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Rows of vivid red poinsettias inside Greenhouse No. 4 at the Texas A&M AgriLife Research and Extension Center in Overton are as eye-catching as a flashing stop light.
Dr. Brent Pemberton, AgriLife Research ornamental horticulturist in Overton, began a trial of more than 30 varieties of the popular holiday flower associated with Christmas to determine how high temperatures affect the growth and flowering of the tropical perennial.
Poinsettias - Fall - Sales - Holidays - Pemberton
Poinsettias are grown in the fall for sales around the holidays, Pemberton said. The flower naturally sets its buds as days get shorter.
"Sometimes in Texas we can have warmer temperatures in late September and early October when all of this is happening and those high temperatures can have a deleterious effect on floral development and delay crops," he said. "Producers need to have poinsettias peaking to within a week of a certain date. Typically stores want them before Black Friday, so they'll ship them before Thanksgiving."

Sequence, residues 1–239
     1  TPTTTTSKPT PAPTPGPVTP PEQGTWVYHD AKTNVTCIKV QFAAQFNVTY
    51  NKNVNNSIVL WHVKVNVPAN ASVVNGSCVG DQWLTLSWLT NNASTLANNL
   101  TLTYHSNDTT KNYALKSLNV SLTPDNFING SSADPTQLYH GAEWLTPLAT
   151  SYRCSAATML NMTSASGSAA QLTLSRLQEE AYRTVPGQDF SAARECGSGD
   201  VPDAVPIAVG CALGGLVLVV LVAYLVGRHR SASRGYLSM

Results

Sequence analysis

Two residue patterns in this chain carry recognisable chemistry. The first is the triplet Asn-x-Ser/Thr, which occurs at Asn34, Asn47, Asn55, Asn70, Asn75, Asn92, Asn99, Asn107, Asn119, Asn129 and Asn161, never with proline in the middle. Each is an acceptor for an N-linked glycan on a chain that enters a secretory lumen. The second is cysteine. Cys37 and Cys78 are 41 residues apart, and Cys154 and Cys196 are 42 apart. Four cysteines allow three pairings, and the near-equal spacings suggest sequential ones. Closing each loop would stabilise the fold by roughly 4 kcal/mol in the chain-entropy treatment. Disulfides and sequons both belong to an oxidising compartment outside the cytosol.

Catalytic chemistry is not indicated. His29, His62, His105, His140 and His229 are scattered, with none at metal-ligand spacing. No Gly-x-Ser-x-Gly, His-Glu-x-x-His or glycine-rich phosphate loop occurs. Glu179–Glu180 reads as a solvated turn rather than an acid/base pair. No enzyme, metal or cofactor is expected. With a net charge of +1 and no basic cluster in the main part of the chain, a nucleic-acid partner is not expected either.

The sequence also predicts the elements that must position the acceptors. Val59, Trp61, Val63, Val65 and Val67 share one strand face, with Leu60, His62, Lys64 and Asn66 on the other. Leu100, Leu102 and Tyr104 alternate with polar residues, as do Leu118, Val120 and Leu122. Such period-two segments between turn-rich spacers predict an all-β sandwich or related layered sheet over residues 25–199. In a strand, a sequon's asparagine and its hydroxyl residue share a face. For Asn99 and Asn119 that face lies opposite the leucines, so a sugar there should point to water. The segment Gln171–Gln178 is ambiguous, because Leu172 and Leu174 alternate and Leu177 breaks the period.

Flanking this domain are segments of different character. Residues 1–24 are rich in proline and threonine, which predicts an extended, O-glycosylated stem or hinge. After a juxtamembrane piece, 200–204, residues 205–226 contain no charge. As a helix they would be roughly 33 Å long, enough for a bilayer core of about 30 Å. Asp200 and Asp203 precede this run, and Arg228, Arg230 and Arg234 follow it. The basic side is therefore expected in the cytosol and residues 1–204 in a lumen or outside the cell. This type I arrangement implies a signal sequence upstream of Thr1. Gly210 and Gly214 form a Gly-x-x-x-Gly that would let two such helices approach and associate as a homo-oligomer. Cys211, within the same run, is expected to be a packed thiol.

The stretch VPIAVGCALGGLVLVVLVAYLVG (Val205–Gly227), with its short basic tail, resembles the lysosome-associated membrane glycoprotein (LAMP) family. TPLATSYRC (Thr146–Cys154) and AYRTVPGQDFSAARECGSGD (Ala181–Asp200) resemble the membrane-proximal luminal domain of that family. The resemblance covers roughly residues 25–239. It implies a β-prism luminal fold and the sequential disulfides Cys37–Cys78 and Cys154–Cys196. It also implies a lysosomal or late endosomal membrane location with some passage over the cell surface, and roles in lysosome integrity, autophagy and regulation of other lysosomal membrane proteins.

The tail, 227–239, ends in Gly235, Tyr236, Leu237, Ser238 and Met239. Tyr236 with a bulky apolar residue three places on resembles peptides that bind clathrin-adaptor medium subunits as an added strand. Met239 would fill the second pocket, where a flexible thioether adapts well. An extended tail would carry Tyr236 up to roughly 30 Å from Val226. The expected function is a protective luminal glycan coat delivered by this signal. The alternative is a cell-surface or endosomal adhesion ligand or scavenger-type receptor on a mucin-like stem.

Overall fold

Reason - Poinsettias - Greenhouses - Producers - Temperatures
For that reason, all commercial poinsettias are grown in greenhouses where producers can control temperatures and conditions to have the flowers peak according to contracts with buyers, Pemberton said.
Over the years, varieties have been developed that can tolerate higher temperatures in Texas and the southern U.S., Pemberton said. Trials have been ongoing for several years and there's interest within the industry to continue research on poinsettias.
"Those breeding efforts continue, so...
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